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Month: March 2011

Ruth Faden at the Capstone Event: “Henrietta Lacks: Ethics at the Intersection of Health Care and Biomedical Science”

A number of panelists and speakers will be present at the Go Big Read Capstone Event on April 15-16 at the Wisconsin Institute for Discovery.
On April 15 at 3 pm, keynote speaker Ruth Faden will speak on “Henrietta Lacks: Ethics at the Intersection of Health Care and Biomedical Science.”
Faden is the executive director at Johns Hopkins University Berman Institute of Bioethics, as well as a Senior Research Scholar at the Kennedy Institute of Ethics at Georgetown University. Her research, credentials, and experiences speak to her expertise on ethics in the healthcare and biomedical science fields.
In “Informed Consent and Clinical Research,” a 1996 article for the Kennedy Institute of Ethics Journal, Faden states that, “Despite decades of discussion about the theory of informed consent and the moral commitments that underlie it, despite the best reformist efforts on the part of biomedical ethics to put respect for the autonomy of the patient at the core of the medical encounter, the dynamics of illness and the dynamics of the clinic remain, in important respects, unchanged.Readers of The Immortal Life of Henrietta Lacks may wonder not only what this means for HeLa, but what it means for patients today.
We look forward to welcoming Faden to campus, and further hearing about her research and experience with these topics, which relate so strongly our community discussion of the ethics of HeLa.
Click here to RSVP for either or both days of the capstone event.

Go Big Read Capstone Event: April 15-16

The Go Big Read Capstone event, “Who Owns My Body and Where is it Now?” will be held April 15-16 at the Wisconsin Institute for Discovery. If you read The Immortal Life of Henrietta Lacks, or are interested in the book’s questions of race, the research of human subjects and the business of commercializing human-derived biomaterials, check out the event schedule at the Wisconsin Alumni Research Foundation website.
This two-day event will include speakers, panelist, films and more surrounding bioethics and the biotechnology field- a great way to cap off our campus-wide discussion of Henrietta Lacks and give recognition to the full story behind HeLa cells. As the event approaches, check back here for more information about the speakers and panelists and their areas of expertise.The agenda includes speakers from all across the country, including several from right here at UW Madison.Click here to RSVP for either or both days of the capstone event. All capstone events are free and open to the public.

Colloquium: Bruno Strasser on “Collecting Experiments: The New Production of Biomedical Knowledge”

As we near the Go Big Read capstone event, the UW community is still discussing topics relevent to The Immortal Life of Henrietta Lacks. On March 29th, join the History of Science Department for a talk by Bruno Strasser, an Assistant Professor of History of Science & Medicine at Yale University.

Strasser’s research focuses on the biomedical sciences of the 20th century, and he has published many works on related topics, including his 2006 book, La fabrique d’une nouvelle science, La biologie moléculaire à l’âge atomique, 1945-1964.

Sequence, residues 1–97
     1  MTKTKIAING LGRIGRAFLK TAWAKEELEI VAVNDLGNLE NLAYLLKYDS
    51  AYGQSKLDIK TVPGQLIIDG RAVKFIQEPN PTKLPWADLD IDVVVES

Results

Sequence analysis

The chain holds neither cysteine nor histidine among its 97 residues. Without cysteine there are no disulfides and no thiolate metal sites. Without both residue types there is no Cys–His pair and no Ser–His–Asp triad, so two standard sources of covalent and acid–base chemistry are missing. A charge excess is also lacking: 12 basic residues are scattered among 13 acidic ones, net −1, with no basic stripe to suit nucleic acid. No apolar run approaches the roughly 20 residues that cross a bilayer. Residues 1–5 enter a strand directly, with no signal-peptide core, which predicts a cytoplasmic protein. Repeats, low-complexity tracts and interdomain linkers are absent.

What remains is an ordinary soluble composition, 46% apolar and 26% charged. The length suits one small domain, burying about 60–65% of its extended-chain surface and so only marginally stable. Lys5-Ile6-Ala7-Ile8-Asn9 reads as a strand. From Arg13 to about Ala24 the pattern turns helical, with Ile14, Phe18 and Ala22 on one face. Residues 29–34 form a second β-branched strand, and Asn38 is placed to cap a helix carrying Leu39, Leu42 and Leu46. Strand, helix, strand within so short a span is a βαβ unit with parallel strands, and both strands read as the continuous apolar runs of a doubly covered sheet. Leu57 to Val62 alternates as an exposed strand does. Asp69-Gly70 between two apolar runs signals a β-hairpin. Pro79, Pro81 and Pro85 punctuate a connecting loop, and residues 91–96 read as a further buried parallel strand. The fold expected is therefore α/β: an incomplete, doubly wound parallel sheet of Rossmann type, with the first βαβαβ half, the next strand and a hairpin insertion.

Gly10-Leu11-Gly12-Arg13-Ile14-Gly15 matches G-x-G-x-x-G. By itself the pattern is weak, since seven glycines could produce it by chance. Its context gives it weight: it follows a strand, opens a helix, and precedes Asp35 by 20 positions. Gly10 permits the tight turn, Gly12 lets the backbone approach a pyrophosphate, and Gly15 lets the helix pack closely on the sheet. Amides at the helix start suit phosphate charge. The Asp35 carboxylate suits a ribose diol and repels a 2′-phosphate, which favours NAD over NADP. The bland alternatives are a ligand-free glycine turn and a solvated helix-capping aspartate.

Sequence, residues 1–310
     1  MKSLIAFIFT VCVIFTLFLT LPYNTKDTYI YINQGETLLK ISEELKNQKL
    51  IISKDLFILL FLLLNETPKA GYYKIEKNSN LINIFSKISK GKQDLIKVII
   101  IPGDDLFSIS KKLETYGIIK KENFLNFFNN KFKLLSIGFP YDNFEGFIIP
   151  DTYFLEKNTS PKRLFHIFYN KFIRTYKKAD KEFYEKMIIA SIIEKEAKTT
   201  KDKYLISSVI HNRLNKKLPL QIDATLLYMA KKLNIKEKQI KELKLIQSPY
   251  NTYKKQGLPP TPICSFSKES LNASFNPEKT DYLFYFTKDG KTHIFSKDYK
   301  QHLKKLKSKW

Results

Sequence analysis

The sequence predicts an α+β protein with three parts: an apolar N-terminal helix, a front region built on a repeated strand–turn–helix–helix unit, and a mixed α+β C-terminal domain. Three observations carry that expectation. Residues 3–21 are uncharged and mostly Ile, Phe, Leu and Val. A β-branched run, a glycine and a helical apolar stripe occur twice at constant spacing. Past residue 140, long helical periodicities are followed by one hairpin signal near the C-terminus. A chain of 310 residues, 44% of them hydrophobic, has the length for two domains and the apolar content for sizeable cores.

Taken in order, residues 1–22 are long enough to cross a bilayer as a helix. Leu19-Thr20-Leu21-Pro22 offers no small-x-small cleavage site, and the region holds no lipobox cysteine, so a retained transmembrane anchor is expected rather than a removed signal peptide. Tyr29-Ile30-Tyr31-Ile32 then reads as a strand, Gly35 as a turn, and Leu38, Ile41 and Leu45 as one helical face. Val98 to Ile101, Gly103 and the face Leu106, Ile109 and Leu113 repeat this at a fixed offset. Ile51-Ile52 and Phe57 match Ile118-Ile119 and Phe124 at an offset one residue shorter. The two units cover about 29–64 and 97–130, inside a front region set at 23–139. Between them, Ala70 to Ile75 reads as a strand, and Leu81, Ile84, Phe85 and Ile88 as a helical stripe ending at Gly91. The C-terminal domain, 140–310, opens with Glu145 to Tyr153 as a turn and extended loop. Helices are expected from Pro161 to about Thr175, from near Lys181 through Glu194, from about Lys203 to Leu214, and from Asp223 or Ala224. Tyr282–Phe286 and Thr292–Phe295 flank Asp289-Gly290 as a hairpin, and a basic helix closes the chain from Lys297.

The event, part of the Appropriations: Collecting for Science” Colloquium Series talks, will be held at 4:00 pm on March 29th in Memorial Library, Room 984 (Special Collections). The series aims to “examine diverse perspectives on the nature and implications of appropriations in science.” For more informaton on the series and upcoming events, visit the History of Science Department’s website.

Henry Louis Gates on “African American Lives”

A full house turned out for Professor Henry Louis Gates, Jr’s talk last night in Mills Concert Hall. Gates, Alphonse Fletcher University Professor at Harvard University, is director of the W.E.B. Du Bois Institute for African and African American Research.

Gates discussed his interest in genealogy, which led to his PBS and BBC documentaries, African American Lives and Faces of America. In these works, he used mitochondrial DNA to trace the genealogy of prominent African Americans, including Oprah and Morgan Freeman, among others, back to their earliest African ancestry.

Gates, who is working on his next PBS special, plans to use his research to engage students in studying the sciences, relating the study of genealogy to what they are learning in social studies classes. Many students lose interest in studying science in the 8th grade, and Gates maintains that the best way to keep their interest is to encourage the study of their own family histories.

For those who read The Immortal Life of Henrietta Lacks, Gates talk easily related to the questions of genealogy, heritage, and DNA, which the Lacks family grappled with after Henrietta’s death.

For more information about Gates and his research, visit his Harvard University biography page, and for information about African American Lives, click here for a PBS press release.

An Evening with Henry Louis Gates, Jr.

Go Big Read looks forward to welcoming Henry Louis Gates, Jr to Mills Hall, Mosse Humanities Building, on March 24th at 7:30 pm. Gates’ talk will contribute to a community-wide discussion of race and ethics, topics which relate strongly to this year’s Go Big Read Selection, The Immortal Life of Henrietta Lacks, by Rebecca Skloot.